June is Primary Election Month

June is primary election month in Utah. There are several interesting primary races taking place that will be decided on Tuesday, June 28. Most counties are using mail-in ballots, so many of you will be receiving your ballots soon. On the Republican side, the race between incumbent Governor Gary Herbert and challenger Jonathan Johnson has been heating up for weeks after the Governor’s second place finish at the Republican State Convention, and mudslinging on both sides about fundraising activities (those darn special interest groups and lobbyists!). Polling still shows Governor Herbert with a hefty lead. Democrats also have a statewide primary battle with Misty Snow and Jonathan Swinton vying to challenge the U.S. Senate incumbent Republican Mike Lee. This race features a unique element for Utah, as Snow would be the first statewide transgender candidate in our history if she wins.

At the legislative and county level, the new signature gathering law has generated more primaries than anyone can ever remember in the State of Utah. The firm is a member of the Utah Business Coalition, which conducts candidate interviews each election cycle. I serve as the Coalition’s Elections Chair, and organized interviews of 16 primary election candidates at the end of May. There are a handful of close races that are interesting tests of our new dual path to the primary ballot.

Below are highlights on three high profile legislative races, but I’m happy to provide insight into other races for anyone who is interested in or lives in an area with a primary race. Swing by my office on the 19th floor anytime you want to talk politics.

State Senate District 10: (Salt Lake County, South Jordan area) This race pits incumbent Sen. Lincoln Fillmore against challenger Rep. Rich Cunningham. Fillmore filled a mid-term vacancy when former Sen. Aaron Osmond resigned to take on a new position with his current employer. He has been in office about 6 months. Cunningham has served in the State House since 2012. When the mid-term vacancy Republican delegate election was held Fillmore and Cunningham both ran for the seat and Fillmore came out on top with the most delegates. Fast forward a few months and the two are challenging each other again. Fillmore won 60% of the delegate vote at the Salt Lake County Republican Convention, which in previous years would have made him the party nominee. However, Cunningham gathered enough signatures to guarantee himself a spot on the primary ballot. Senate leadership is heavily supporting and fundraising for Fillmore.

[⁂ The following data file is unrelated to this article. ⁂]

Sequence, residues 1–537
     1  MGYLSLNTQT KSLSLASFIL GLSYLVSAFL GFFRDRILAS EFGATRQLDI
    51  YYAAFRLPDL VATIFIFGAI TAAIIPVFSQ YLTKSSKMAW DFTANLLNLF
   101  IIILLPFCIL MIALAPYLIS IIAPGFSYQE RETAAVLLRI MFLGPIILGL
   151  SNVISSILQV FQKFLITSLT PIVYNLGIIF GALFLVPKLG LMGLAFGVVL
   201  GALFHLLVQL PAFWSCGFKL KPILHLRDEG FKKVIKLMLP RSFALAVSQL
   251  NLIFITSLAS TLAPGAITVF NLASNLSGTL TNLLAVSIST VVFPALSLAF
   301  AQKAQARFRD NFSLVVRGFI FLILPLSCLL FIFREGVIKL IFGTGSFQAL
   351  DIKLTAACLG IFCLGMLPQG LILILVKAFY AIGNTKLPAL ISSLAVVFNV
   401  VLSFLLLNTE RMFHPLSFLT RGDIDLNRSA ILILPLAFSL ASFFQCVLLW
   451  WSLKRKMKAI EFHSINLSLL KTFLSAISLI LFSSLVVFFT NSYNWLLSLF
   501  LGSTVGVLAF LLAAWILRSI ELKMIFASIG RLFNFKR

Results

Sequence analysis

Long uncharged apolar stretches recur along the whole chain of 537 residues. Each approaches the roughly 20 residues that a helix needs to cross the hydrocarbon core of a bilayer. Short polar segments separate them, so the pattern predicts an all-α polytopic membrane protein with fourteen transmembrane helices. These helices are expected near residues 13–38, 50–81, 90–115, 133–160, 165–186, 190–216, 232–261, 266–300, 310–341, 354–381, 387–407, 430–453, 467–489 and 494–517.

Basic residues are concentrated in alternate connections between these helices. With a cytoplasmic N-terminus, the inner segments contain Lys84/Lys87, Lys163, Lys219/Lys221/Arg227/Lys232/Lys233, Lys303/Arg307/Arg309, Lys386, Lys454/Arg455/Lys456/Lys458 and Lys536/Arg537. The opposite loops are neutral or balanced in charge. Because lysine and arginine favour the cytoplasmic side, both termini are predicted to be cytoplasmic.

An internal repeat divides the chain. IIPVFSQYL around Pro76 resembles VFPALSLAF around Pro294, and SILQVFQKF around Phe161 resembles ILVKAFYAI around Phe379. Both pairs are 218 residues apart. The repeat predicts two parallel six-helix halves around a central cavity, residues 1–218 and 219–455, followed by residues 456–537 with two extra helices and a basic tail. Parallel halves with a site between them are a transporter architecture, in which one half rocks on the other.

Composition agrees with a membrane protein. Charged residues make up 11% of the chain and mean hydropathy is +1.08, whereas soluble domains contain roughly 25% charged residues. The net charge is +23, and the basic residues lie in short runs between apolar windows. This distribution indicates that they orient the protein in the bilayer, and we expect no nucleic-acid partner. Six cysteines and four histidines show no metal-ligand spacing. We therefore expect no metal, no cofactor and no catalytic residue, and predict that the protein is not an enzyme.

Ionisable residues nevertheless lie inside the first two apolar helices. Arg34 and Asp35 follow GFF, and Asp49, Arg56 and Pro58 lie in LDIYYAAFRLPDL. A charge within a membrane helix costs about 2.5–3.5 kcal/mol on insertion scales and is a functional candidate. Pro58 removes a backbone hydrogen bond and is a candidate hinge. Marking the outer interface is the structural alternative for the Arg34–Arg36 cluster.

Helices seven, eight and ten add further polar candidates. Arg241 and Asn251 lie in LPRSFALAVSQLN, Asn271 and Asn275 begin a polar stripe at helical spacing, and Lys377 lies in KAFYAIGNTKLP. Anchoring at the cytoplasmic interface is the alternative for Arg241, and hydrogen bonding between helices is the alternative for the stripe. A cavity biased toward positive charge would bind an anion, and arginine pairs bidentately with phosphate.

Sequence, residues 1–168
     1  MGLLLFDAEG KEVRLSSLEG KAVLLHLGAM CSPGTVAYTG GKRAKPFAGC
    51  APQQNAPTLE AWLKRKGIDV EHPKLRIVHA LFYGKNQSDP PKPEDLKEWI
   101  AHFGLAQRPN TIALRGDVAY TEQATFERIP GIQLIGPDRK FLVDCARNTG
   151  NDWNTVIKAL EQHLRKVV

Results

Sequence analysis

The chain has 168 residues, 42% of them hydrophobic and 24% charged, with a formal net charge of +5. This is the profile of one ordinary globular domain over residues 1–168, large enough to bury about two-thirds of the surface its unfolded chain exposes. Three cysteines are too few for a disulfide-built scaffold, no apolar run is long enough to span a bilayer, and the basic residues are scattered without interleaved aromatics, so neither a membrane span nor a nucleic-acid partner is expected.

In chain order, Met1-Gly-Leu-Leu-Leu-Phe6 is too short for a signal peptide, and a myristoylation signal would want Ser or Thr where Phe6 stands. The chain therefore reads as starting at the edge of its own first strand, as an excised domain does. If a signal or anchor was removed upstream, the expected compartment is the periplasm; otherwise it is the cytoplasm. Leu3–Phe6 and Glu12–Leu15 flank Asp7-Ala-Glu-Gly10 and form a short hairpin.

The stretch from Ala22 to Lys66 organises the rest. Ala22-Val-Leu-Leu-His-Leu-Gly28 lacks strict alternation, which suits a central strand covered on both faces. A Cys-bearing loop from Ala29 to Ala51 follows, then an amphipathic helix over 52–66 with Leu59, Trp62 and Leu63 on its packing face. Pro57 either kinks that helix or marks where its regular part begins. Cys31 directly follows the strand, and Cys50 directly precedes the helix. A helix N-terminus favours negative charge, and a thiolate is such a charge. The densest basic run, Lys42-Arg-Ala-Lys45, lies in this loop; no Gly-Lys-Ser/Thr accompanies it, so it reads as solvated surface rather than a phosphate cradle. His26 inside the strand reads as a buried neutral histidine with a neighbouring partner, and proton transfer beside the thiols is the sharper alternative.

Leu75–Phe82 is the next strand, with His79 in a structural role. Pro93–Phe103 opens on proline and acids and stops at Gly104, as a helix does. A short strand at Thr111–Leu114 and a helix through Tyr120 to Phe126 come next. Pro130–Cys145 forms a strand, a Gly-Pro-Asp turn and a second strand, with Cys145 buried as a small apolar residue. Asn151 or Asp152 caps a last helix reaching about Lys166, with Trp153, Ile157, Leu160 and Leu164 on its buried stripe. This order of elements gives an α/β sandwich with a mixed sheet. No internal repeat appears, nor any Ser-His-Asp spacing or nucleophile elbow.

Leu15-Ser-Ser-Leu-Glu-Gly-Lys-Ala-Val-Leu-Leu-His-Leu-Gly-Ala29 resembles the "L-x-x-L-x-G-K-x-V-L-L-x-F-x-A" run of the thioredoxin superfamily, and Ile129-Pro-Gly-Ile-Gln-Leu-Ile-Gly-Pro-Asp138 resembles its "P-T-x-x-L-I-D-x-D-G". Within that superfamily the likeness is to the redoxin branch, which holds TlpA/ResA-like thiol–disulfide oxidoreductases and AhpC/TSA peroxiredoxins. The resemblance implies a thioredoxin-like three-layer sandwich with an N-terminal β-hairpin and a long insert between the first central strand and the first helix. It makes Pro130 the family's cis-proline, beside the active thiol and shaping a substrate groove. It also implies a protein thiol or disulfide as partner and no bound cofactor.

Dividing Issues (real or imagined): Charter schools and public employee retirement.

  • Fillmore works for a charter school management company and has the backing of charter school supporters.
  • While he previously wasn’t seen as leaning one way or the other in the charter vs. traditional school debate, Cunningham is now seen as the traditional public school candidate.
  • Cunningham is a financial advisor and has proposed several bills to modify the so-called “double dipping” laws for retired public employees that want to return to work in a public sector job. The bills didn’t pass and were sent to interim study for further refinement.
  • Former State Senator, Dan Liljenquist, authored the public employment reform bill on double dipping a few years ago and the Senate sees Cunningham’s bills as a direct attack on a well-liked and respected former colleague.